This loader as well as ldr.4Bit&Arith actually are "extensions" to the base loader ldr.4BitGoDot. The included options for screen modification simply had no room in the base loader anymore.

The first of these options (in Compose section Modify Data) is called Bump Map. This is a term located in the arena of raytracing. It allows you to manipulate graphic data into a second picture in such a way that the impression arises you have "coined" something onto the first picture, e.g. a pattern. The process runs according to the following algorithm: all gray values (of the bumpmap to be loaded) below 7 are subtracted from the available values, whereas all values above 7 get added. Bump Map represents something like a combination of Addition (see below) and Subtract (part of ldr.4Bit&Arith). How to easily produce bumpmaps we will describe with the keyword "Convolve". Lader 4Bit&Map Modify

The second option AlphaCh (short for Alpha Channel) enables us to morph two pictures gently into one another. To achieve this, both pictures must be joined with the same alpha picture, one set to pos (-itive), the other set to neg (-ative). You finally add the two intermediate results (you could have saved in the REU for instance; see svr.Temp, Temp, or Undo) to the final picture using the third option Addition (set to: 100%). Alpha channels are pictures, which exclusively mark the transitions of a further picture to a third one. For this it is necessary the alpha channel to be a gray scale picture. Each brighter gray tone lets the picture to be treated (the reloaded one) become a bit more visible, beginning with black (everything covered) up to white (completely transparent).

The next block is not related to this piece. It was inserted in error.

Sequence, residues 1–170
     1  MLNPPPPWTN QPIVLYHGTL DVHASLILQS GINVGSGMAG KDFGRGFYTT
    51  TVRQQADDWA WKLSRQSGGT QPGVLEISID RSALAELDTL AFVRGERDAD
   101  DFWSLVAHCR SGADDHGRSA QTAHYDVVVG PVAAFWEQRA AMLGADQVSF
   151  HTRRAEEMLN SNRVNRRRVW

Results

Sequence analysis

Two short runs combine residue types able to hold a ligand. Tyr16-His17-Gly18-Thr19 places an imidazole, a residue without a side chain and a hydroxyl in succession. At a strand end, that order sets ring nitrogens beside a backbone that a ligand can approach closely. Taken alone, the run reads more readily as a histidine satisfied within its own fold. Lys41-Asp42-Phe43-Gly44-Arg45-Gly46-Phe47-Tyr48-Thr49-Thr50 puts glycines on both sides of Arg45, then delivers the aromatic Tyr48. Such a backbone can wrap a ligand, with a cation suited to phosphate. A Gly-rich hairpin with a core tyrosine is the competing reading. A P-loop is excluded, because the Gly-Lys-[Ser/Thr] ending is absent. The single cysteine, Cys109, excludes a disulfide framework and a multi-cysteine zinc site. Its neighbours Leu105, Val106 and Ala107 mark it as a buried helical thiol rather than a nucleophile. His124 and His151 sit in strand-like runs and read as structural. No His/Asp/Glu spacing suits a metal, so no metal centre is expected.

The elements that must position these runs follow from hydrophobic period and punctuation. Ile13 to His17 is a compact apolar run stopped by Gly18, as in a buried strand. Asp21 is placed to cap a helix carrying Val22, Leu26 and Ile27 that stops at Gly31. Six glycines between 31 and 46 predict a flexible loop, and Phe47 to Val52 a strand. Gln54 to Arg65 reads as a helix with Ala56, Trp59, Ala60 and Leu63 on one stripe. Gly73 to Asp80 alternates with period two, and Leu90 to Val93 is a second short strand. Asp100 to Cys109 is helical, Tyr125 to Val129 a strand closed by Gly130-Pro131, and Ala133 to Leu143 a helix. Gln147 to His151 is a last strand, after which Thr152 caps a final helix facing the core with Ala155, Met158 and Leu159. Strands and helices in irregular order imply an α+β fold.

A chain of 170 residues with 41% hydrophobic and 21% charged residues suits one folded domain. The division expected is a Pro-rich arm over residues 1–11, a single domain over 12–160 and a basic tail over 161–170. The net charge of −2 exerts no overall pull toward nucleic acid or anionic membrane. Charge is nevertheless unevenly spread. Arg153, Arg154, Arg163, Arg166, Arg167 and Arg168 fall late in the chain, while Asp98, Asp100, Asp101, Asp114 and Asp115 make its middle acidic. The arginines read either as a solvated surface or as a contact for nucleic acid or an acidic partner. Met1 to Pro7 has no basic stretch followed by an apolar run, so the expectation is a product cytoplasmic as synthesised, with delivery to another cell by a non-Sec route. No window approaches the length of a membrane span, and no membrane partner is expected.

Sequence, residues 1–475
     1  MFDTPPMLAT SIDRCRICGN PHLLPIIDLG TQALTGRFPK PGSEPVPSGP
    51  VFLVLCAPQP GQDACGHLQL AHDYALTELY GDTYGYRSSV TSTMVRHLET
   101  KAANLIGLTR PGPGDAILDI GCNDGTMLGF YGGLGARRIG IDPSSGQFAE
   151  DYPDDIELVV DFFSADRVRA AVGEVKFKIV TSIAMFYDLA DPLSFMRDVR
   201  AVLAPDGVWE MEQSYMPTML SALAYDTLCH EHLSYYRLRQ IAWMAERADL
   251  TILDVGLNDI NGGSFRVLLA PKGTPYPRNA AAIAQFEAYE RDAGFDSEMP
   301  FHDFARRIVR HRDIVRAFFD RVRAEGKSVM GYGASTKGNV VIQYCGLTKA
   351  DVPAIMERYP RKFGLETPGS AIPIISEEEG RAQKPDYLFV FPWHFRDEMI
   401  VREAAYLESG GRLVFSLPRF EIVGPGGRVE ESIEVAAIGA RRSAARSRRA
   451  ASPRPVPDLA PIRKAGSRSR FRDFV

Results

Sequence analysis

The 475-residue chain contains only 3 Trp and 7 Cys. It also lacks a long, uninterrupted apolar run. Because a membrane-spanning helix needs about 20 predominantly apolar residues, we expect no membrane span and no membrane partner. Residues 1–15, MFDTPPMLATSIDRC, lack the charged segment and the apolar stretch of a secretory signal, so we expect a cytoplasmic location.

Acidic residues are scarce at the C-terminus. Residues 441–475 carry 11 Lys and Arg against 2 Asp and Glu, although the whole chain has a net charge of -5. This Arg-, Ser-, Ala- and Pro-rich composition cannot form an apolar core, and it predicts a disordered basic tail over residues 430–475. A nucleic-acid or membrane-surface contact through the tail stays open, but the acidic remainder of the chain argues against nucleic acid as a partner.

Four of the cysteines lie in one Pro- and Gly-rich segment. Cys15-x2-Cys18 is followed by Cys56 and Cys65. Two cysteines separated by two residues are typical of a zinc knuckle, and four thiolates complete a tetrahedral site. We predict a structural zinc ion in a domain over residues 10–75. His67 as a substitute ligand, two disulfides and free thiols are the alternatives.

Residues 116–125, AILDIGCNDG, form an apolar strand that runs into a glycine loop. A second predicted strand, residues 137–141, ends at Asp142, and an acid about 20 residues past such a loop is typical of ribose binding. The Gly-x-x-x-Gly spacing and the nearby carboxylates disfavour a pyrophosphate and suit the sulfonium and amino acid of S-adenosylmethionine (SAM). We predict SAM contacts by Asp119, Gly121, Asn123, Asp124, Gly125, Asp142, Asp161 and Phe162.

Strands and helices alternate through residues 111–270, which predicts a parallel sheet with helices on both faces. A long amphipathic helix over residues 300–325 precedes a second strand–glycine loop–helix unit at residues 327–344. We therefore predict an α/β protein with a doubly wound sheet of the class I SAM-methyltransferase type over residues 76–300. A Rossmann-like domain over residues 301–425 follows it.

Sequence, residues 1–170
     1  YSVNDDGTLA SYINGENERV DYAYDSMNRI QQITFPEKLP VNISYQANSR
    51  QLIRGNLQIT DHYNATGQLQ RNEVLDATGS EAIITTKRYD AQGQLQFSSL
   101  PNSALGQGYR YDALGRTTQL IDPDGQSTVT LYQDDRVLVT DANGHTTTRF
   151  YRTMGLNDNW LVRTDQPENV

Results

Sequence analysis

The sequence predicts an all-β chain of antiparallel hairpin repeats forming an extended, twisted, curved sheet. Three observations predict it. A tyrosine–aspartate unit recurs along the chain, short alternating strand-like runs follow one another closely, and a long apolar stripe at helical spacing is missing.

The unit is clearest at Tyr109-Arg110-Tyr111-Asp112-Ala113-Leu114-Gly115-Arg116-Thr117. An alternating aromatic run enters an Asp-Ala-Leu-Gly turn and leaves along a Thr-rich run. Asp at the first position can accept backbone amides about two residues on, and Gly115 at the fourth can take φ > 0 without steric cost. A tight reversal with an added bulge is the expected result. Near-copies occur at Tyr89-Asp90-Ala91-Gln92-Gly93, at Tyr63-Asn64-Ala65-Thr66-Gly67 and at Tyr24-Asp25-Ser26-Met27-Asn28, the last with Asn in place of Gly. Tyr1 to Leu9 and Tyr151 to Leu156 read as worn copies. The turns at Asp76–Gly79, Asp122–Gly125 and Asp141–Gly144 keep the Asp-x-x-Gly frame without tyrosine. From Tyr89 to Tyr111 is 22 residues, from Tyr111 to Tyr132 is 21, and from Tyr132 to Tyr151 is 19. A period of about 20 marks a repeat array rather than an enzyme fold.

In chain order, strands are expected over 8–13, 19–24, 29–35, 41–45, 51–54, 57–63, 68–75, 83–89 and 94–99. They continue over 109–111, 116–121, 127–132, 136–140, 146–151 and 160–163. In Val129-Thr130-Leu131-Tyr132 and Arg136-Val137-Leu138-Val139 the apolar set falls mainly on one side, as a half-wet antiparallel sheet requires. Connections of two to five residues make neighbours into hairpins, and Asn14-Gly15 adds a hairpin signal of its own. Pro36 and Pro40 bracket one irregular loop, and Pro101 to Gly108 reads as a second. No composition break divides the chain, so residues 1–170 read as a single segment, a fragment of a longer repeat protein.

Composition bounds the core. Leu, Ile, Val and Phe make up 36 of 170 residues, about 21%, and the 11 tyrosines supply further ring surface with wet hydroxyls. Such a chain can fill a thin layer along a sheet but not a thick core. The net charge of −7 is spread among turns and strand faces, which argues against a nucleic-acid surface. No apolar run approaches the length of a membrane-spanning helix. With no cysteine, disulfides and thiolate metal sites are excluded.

Note: The resulting pictures are gray scale pictures and are displayed with false colors. Thus they are usable only for printing preparations or to be exported to foreign computers.

From version 1.03 on the loader is able to process clips. For information about handling see ldr.4BitGoDot and svr.4BitClip.

Displayed in "Image Information":

Example pictures:
Bump Mapping Here we used an alpha channel as a bumpmap. Inside (values beyond 7) the picture lightens, outside the "bumpmap" darkens the picture (with values below 7).

The alpha channel consists of a diagonal gradient, which lets our two example pictures flow into one another very beautifully. Alpha Cannelling


Arndt Dettke

Copyright © 1996, A. Dettke, latest update - 12/31/99